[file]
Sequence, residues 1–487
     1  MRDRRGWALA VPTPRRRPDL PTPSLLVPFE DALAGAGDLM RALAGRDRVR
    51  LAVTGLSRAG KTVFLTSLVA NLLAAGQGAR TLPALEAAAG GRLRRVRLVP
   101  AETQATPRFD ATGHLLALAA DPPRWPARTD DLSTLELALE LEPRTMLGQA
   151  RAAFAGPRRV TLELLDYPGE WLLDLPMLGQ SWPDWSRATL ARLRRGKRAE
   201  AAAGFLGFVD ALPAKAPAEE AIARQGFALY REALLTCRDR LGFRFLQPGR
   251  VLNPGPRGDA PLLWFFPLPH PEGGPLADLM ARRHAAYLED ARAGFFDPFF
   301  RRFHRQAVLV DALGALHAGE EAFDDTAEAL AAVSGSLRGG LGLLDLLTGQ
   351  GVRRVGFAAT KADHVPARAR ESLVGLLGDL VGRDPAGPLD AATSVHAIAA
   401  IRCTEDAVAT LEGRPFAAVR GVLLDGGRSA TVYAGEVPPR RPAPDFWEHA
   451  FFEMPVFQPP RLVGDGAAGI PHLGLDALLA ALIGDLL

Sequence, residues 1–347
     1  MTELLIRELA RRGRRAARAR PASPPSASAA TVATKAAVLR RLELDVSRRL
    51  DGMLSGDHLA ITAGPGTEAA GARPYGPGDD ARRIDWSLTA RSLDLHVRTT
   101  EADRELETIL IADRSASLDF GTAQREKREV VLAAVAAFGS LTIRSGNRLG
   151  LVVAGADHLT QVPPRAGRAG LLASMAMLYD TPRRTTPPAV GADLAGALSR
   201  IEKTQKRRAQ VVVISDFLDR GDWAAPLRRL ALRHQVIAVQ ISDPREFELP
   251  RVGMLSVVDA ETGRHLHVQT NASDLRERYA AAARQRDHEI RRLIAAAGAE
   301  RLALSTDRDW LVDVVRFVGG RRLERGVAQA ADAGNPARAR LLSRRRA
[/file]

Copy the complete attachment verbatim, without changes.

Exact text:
Sequence, residues 1–487
     1  MRDRRGWALA VPTPRRRPDL PTPSLLVPFE DALAGAGDLM RALAGRDRVR
    51  LAVTGLSRAG KTVFLTSLVA NLLAAGQGAR TLPALEAAAG GRLRRVRLVP
   101  AETQATPRFD ATGHLLALAA DPPRWPARTD DLSTLELALE LEPRTMLGQA
   151  RAAFAGPRRV TLELLDYPGE WLLDLPMLGQ SWPDWSRATL ARLRRGKRAE
   201  AAAGFLGFVD ALPAKAPAEE AIARQGFALY REALLTCRDR LGFRFLQPGR
   251  VLNPGPRGDA PLLWFFPLPH PEGGPLADLM ARRHAAYLED ARAGFFDPFF
   301  RRFHRQAVLV DALGALHAGE EAFDDTAEAL AAVSGSLRGG LGLLDLLTGQ
   351  GVRRVGFAAT KADHVPARAR ESLVGLLGDL VGRDPAGPLD AATSVHAIAA
   401  IRCTEDAVAT LEGRPFAAVR GVLLDGGRSA TVYAGEVPPR RPAPDFWEHA
   451  FFEMPVFQPP RLVGDGAAGI PHLGLDALLA ALIGDLL

Sequence, residues 1–347
     1  MTELLIRELA RRGRRAARAR PASPPSASAA TVATKAAVLR RLELDVSRRL
    51  DGMLSGDHLA ITAGPGTEAA GARPYGPGDD ARRIDWSLTA RSLDLHVRTT
   101  EADRELETIL IADRSASLDF GTAQREKREV VLAAVAAFGS LTIRSGNRLG
   151  LVVAGADHLT QVPPRAGRAG LLASMAMLYD TPRRTTPPAV GADLAGALSR
   201  IEKTQKRRAQ VVVISDFLDR GDWAAPLRRL ALRHQVIAVQ ISDPREFELP
   251  RVGMLSVVDA ETGRHLHVQT NASDLRERYA AAARQRDHEI RRLIAAAGAE
   301  RLALSTDRDW LVDVVRFVGG RRLERGVAQA ADAGNPARAR LLSRRRA